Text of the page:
Why is my dog scared of people?
I have an 8 month old American Cocker Spaniel named Bubba. We have had him since he was 4 months old. From day one he has been scared of people. We walk him, take him to dog parks/beaches, and he still barks and runs from every one we come across. Even our friends and neighbors who he sees on a daily basis can't get near him. He is becoming more aggresive as he gets older. He is such a beautiful, sweet dog, and I want to be able to walk him with out any problems. I want people to be able to pet him. I am scared he might bite some one, or even a child. How do I socialize him with these bad behaviors?I have had dogs all my life, and have never had a problem like this.
on Nov 13th 2007
in Behavior & Training
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Do you know how Bubba was raised and cared for the first four months of his life before you got him? If he was not handled frequently and was not exposed to a lot of people at a young age, his "fear" may actually be a lack of socialization.
This is something you can work on but it is going to require a lot of patience and time. You will not be able to let just anyone pet him, and you need to be prepared to tell people, "NO, please don't pet him!" (People will give you the most incredulous looks and comments, but just because you're outside with your dog does not mean they have a RIGHT to touch!)
I would start bringing your dog into situations where there are people. Have a bag of treats and be prepared to keep back and just praise her for being calm and interested. Move closer, again keeping it positive and not forcing interaction with people. You want your dog to be able to be around people before making him interact.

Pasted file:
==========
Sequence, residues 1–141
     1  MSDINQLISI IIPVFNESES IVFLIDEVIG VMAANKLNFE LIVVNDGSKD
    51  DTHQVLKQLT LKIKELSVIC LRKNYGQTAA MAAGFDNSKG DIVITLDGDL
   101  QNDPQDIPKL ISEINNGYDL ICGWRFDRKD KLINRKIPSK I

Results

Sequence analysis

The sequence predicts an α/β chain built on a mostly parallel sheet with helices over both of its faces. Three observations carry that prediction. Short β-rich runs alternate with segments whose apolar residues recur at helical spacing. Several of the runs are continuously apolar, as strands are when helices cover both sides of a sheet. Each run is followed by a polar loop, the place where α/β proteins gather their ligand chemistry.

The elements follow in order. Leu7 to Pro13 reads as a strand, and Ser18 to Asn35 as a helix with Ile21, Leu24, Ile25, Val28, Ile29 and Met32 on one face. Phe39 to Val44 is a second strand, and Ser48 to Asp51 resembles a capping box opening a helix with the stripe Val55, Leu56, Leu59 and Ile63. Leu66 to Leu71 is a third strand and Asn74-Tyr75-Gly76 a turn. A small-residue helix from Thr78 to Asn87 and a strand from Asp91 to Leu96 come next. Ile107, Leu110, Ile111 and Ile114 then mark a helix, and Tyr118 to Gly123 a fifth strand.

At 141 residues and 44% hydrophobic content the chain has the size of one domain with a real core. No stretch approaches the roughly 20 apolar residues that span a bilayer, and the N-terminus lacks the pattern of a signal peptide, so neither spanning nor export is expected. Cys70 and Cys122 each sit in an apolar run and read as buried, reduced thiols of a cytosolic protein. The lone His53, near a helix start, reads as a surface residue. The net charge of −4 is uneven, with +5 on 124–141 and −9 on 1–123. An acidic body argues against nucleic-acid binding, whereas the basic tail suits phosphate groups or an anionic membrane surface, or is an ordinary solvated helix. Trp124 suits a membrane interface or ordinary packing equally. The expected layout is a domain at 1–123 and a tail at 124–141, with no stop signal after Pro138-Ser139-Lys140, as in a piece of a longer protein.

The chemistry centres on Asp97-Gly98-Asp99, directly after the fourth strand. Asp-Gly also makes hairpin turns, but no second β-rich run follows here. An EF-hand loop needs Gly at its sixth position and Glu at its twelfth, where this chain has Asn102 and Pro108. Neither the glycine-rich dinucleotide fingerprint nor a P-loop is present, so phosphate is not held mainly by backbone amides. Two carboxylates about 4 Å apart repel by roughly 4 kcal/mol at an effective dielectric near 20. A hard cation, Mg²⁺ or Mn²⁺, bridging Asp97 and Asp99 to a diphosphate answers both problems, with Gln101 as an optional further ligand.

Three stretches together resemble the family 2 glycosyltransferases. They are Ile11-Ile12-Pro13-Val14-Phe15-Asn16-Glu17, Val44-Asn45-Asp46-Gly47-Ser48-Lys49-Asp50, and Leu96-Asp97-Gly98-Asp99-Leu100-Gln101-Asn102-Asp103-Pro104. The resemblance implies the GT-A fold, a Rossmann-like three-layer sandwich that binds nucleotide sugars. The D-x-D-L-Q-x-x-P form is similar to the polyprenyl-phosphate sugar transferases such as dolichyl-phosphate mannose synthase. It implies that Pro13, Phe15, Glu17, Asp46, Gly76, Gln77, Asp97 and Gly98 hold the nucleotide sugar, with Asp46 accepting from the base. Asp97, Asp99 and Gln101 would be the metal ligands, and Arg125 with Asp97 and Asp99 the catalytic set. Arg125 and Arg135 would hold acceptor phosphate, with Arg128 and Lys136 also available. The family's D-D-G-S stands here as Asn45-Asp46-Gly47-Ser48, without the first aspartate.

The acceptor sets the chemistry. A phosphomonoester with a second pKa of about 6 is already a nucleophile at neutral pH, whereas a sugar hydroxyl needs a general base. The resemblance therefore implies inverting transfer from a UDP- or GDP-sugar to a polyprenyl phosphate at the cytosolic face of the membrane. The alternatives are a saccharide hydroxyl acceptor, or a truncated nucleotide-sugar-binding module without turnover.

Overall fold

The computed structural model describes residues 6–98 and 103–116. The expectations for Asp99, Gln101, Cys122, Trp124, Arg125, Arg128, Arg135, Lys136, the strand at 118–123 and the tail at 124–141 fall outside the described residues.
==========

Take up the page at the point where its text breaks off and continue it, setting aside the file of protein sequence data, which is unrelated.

Abby answered on Nov 13th.
My cocker mix came to me afraid of people, especially children and men. After 3 years, she is still shy, but making progress. Yes, allow people to offer her treats you provide, offering it under the chin, not over it. My command is "check it out", and I stand near the person who's trying to say hello, praising her, even if she just sticks her nose towards them. How you react will affect how he reacts. Correct his growls, barks w/ a calm voice and praise even if he just shuts up. I have found shy dogs have a better comfort level in large spaces, where they know there's an escape route. After 3 years of being calm, positive, and consistent, Miss Dahlia is actually starting to initiate contact and liking it> Good Luck!
Dahlia answered on 11/15/07. Helpful? / 1